Next, and THIS IS THE KEY to the whole pre-existing condition mess: By law, whether state-wide, region-wide, or country-wide, dictate that very large pools be formed segregated into 5-year age ranges and sex and not much else, and then again by law dictate that as long as one continues to pay the premium on ANY health insurance policy they will always retain a status of an INSURABLE INDIVIDUAL.

That is, no company will be able to consider their pre-existing conditions when offering them a policy for, say, a 38-year-old male. They will have to price all policies of a certain deductible, copay and coverage at the same rate for all 36-40 year old males who apply provided those applicants hold the status of an “Insurable Individual”.

At the onset of the law, every person would be an “insurable individual” and would have a grace period of, say, 90 days to get insurance with any insurer doing business in the state, region or country (depending on the scope of the law.)

Here’s the next key part: Anyone who failed to pay their insurance company during the grace period, or who later let payments lapse, would LOSE their status as an “insurable individual” and would be subject to being denied coverage for a pre-existing condition or to having to purchase an additional rider paying extra to do so.

Here’s the next key: If ever an insurance company decided that a person’s pre-existing condition no longer warranted denial of coverage for the condition, and the person paid for a policy from them, that person would then again become a fully “insurable individual” once again and no other insurance company could treat them otherwise if they later went insurance shopping.

And finally the last key point: The status of “insurable individual” would become the personal goal of most responsible people. Those who are irresponsible would either suffer the consequences or would have more responsible people looking out for their interests. Those without the means to pay could look to the government to PAY THE PREMIUMS on a bare-bones policy so that they would retain their status as an “insurable individual” until they eventually become able to pay their own way.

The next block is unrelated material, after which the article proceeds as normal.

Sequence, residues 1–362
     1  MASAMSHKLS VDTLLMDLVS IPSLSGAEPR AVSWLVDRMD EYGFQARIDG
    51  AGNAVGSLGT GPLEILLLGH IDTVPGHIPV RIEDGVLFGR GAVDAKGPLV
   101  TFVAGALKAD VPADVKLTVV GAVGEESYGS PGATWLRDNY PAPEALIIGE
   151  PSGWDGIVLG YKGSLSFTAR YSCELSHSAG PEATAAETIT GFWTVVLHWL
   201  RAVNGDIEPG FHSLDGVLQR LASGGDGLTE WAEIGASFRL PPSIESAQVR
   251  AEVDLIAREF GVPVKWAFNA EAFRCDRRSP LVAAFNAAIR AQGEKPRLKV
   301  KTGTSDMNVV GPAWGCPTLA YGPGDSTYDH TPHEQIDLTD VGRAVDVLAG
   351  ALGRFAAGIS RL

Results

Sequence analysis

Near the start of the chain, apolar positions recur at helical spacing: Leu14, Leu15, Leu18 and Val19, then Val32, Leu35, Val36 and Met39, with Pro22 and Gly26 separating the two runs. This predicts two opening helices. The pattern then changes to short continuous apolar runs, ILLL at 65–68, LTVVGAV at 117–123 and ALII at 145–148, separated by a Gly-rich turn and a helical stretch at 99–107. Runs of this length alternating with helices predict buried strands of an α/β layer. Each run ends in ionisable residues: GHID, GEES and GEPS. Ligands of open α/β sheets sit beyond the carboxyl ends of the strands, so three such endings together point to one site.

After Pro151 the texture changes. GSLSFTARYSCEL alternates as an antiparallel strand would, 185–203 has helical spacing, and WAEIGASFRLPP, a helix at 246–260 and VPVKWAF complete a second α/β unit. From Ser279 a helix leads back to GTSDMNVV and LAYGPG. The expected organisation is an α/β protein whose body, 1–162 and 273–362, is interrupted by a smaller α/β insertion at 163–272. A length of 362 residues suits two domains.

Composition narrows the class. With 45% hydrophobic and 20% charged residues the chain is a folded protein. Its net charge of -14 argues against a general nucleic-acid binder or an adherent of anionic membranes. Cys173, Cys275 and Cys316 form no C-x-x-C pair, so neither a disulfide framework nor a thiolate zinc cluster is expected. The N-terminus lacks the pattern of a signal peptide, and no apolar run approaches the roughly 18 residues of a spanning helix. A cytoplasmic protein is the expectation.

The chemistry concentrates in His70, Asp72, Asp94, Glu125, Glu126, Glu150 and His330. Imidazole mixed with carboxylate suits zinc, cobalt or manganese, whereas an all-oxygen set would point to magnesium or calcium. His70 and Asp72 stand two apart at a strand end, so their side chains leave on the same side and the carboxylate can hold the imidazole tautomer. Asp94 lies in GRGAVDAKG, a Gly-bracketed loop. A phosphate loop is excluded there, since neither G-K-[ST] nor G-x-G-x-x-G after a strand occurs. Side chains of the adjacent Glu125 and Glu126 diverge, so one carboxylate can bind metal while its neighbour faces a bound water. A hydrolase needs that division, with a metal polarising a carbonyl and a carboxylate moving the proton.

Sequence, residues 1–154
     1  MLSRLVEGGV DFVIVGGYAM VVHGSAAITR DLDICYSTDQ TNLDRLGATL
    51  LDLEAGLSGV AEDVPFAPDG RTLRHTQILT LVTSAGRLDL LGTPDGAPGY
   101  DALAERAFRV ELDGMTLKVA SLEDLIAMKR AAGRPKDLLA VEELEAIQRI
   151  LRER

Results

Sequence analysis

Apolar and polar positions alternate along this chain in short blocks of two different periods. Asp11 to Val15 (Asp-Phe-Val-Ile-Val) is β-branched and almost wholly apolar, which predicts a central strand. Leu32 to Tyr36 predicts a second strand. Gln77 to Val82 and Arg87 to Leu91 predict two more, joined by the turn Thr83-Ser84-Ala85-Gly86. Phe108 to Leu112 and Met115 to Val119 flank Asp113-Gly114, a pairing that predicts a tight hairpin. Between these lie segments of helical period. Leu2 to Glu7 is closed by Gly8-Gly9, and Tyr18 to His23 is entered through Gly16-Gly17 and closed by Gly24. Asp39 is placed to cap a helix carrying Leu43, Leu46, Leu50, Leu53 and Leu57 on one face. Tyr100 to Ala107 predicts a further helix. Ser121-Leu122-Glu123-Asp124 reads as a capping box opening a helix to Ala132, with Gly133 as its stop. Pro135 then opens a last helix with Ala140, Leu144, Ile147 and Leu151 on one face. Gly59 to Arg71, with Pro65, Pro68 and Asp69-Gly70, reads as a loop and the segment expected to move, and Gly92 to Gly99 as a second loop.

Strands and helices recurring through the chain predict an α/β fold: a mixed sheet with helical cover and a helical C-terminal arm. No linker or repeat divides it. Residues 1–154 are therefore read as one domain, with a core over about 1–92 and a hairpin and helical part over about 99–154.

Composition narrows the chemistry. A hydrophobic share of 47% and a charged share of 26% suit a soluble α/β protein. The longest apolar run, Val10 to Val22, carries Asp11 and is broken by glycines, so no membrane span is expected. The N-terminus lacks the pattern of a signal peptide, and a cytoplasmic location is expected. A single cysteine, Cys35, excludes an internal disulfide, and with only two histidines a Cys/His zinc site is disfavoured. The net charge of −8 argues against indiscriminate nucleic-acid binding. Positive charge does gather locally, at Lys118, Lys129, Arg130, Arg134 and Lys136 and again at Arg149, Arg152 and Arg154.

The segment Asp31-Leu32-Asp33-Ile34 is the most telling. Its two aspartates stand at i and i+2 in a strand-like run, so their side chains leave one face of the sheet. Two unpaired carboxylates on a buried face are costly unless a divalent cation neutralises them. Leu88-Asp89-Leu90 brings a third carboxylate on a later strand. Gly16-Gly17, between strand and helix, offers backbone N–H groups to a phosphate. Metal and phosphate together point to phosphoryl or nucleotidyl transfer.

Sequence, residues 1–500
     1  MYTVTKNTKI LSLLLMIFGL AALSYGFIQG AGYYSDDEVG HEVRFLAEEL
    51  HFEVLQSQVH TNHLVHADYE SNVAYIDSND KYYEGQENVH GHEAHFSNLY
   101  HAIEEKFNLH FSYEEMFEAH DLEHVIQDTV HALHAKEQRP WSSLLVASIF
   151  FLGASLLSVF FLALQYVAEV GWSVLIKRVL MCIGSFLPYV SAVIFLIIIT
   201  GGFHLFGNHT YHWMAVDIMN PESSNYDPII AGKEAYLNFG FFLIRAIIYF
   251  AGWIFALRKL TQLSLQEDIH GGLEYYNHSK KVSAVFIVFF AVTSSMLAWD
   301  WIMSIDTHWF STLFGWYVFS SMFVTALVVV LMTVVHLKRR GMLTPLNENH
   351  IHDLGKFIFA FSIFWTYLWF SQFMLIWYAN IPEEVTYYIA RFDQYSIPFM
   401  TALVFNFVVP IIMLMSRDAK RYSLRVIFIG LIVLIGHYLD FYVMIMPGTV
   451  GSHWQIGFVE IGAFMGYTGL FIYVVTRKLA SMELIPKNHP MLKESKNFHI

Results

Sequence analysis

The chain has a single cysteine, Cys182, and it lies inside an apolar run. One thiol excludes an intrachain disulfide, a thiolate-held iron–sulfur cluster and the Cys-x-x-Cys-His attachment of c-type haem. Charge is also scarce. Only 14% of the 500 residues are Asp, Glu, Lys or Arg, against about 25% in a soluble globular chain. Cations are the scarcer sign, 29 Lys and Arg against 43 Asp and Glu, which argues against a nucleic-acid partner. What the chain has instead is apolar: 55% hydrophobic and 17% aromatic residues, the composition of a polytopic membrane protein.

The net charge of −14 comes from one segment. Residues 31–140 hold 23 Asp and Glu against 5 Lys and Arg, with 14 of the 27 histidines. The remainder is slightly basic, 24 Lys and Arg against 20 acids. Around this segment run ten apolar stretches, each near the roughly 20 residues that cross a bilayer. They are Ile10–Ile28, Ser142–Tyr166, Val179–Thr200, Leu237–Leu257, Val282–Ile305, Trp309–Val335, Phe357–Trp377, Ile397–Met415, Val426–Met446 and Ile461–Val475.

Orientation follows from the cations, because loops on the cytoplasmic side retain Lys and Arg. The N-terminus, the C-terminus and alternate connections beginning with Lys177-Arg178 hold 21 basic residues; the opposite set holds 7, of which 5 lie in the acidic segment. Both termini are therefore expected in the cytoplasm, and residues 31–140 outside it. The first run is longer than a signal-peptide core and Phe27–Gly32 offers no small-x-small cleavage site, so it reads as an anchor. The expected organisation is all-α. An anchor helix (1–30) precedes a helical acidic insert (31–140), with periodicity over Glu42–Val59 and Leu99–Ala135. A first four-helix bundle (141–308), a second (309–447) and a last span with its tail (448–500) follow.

Summing up: Giant pools combined with the concept of an “Insurable Individual” would create the backbone of a system on which government could look out for the less fortunate among us by simply covering the premiums on a cheap policy. People would be able to take the risk of going uninsured if they wanted, but most would see the wisdom of at least buying a very bare-bones policy in order to retain their status as an “Insurable Individual”

Grandparents and parents would even start savings account for the kids and grand kids to ensure that they got off to a good start when the entered the insurance market at the age of, say, 21. Kids would enter with the status “Insurable Individual” and would only lose it if they screwed up and didn’t pay premiums. Schools and parents would be drumming into their kids’ heads from age 16 on the importance of retaining that status, and most probably would. Government could then focus on those who just couldn’t. Medicare and Medicaid could be done away with.

Most people would pick HSA plans with high deductibles and copays, the insurance companies would once again be insuring primarily against catastrophic losses, doctors would start quoting single prices for procedures instead of listing every band-aid and cough drop on the charges, and health care costs would plummet due to consumer shopping for services using their own money. Nirvana. America. Wow!

Instead we get Obamacare....sigh

25 posted on 03/27/2010 10:39:30 AM PDT by Norseman (Term Limits: 8 years is enough!)
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To: Norseman

An additional note: The “Insurable Individual” concept would work on just a state-wide basis. That is, any state could try this. Just opt out of Obamacare and go the “Insurable Individual” route, while mandating that employers in the state get out of the health insurance business and transfer all payments to employees.

I’d like to see one Red State try this and then compare that state a couple of years later to Massachusett’s RomneyCare. The difference would be dramatic. The state would also be doing quite well financially, I suspect.

26 posted on 03/27/2010 10:43:32 AM PDT by Norseman (Term Limits: 8 years is enough!)